Hello Dear Readers,

On the prompt from a few reviews of The Best of Me, I figured I would take our favorite couple and put them in a real situation without zombies, strife and murder like we are used to seeing them in. I read a piece called "Rough" on here by NormanReedusLover that was completely AU with Beth and Daryl thrown into the real world. I totally enjoyed reading something with them in it that wasn't zombies, and thought I would throw them into a world I am intimately familiar with-deployed military member with loved ones at home. So with that said, it should be clear as day that this is a COMPLETELY AU fanfic. Please be kind with your reviews, I'm still licking my wounds from the flaming of The Best of Me.

I hope you all enjoy this!


Beth Greene reached up to pluck one of the colorful cards off the beautiful Christmas tree that stood in the foyer of the church she attended. The tree stood six feet tall; the lights twinkled like stars around the metallic baubles and garland that adorned the boughs. An angel topped the tree, giving it an ethereal appearance in the stone darkness of the foyer. A few cards still sparsely hung on the branches, as if people just forgot they were there. Beth felt terrible for the last two cards that hung on the tree, making a mental note to take them next Sunday if they were still there. June Betzner always had the Holidays for Heroes cards up every year, but this year was the first year Beth felt compelled to take one of the cards.

Beth had meant to take one every year prior, but she usually ducked out early from the end of the service to beat the crowd out of the parking lot to get home to study. She tucked the card into her purse, looking for an open spot in the pews for the morning services at Our Lady of Mount Carmel. In the quiet of the congregation offering up their personal prayers to God, Beth felt herself relaxing. Her thoughts shifted to the card in her purse as she knelt down to pray; Beth grew up in the all American farm family, she had always respected the service members who spent months away from their families to protect the American people. That was how her family was: the kind that said grace before meals, went to church on Sunday and had strong family ties. That was the Greene family in a nutshell, American as apple pie.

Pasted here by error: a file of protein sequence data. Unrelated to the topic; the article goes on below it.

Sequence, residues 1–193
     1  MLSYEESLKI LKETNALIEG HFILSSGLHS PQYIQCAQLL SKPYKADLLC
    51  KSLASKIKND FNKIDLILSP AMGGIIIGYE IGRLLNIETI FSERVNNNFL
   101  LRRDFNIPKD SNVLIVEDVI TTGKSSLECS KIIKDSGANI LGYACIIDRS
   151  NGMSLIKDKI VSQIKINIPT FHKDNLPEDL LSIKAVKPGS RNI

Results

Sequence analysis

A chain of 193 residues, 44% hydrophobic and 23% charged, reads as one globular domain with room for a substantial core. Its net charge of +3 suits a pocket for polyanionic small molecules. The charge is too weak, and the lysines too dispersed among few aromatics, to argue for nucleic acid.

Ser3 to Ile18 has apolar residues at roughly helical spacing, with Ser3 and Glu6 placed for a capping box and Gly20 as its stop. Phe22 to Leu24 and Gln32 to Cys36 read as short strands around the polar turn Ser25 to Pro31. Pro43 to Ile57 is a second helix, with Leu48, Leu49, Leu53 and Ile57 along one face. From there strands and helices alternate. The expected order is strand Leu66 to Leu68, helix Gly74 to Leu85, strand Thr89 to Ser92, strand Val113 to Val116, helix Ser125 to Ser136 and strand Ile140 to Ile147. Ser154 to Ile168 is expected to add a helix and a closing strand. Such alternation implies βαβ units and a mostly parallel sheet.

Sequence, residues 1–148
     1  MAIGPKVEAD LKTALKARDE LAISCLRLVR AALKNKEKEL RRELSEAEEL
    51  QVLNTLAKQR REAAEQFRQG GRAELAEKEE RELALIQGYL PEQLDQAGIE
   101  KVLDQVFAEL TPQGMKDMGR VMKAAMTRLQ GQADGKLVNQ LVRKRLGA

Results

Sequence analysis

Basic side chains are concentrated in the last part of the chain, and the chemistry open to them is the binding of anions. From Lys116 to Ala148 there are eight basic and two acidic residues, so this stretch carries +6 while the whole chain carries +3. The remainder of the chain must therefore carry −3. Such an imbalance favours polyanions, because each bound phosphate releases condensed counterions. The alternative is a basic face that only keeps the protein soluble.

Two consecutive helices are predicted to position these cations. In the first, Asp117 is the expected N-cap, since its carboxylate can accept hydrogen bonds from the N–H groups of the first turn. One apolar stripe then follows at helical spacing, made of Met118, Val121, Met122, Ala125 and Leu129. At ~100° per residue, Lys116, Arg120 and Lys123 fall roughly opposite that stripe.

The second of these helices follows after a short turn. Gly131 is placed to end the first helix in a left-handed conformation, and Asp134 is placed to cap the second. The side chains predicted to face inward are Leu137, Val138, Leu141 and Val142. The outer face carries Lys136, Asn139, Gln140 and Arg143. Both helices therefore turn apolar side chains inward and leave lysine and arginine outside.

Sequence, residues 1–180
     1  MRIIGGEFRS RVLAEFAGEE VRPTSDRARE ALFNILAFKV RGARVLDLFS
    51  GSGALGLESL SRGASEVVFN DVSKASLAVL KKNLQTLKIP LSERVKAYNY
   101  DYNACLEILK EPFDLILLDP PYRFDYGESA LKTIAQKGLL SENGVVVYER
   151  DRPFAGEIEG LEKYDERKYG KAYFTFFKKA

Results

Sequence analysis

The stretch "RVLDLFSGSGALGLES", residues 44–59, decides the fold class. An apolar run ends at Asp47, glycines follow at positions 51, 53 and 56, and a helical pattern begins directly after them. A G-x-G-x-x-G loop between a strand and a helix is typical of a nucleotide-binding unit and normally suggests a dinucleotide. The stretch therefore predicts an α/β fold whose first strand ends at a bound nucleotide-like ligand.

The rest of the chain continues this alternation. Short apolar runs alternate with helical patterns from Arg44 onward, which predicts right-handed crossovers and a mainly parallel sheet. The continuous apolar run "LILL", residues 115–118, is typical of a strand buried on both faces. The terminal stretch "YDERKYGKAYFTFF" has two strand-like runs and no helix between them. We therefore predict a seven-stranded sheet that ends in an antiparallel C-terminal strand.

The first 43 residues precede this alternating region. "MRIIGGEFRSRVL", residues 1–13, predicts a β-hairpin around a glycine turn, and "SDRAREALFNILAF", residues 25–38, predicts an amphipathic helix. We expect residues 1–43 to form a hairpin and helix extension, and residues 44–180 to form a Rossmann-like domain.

Beth heard the first few bars of the processional begin; she came up slowly from her knees to watch the altar boys light the candles and the priest bow before the altar. The service passed quickly for Beth, Sunday Mass was autopilot for her after so many years of going with her family, her faith was really becoming habitual but she couldn't just stop it. Beth scooted out to the parking lot; clicking the button on her key fob, hearing the engine turn over and the lights flash on her Ford Explorer. She hated the cold of New York, but was slowly adjusting to it since this was her sixth year at New York Medical College. Another full year and Beth would graduate with her Doctorate in Medicine and would be able to license and practice anywhere she wanted to in the nation.


Pulling into the drive through lane of the local Starbucks, Beth ordered her usual venti chai latte and waited for her turn at the receiving window. Digging through her purse to get her wallet, Beth's fingers grazed over the card from the tree at church. Pulling it out with her wallet, Beth flipped the card over and read the neatly typed sticker attached to the card:

CMC Dixon, Daryl W.

NMCB 17 / Alfa Company

Camp Fallujah, Iraq

FPO-AE 09532-7415

Beth's breath caught in her throat, Iraq was where the heavy fighting was from what the news portrayed lately. Between the IED's and the terrorist attacks, Americans were in a precarious situation in the desert that seemed to have no reprieve. A car honking startled Beth out of her concerned state, the card with the name slipping through her fingers falling to the floorboard. "Damn it." she muttered, pulling up to the window to exchange her money for the chai that was hanging out in the cold air. Beth drank deep from the cup in her hand, the rich flavor of the milk and tea distracting her thoughts of CMC Daryl Dixon in Iraq. Unlocking the front door of her apartment; Beth tossed her purse onto the couch as she shucked out of her winter coat and heels. She hummed to herself as she changed into a pair of jeans and a t-shirt, washing the makeup off her face. Beth sighed at the feeling of her clean face, pulling her hair up into a high ponytail.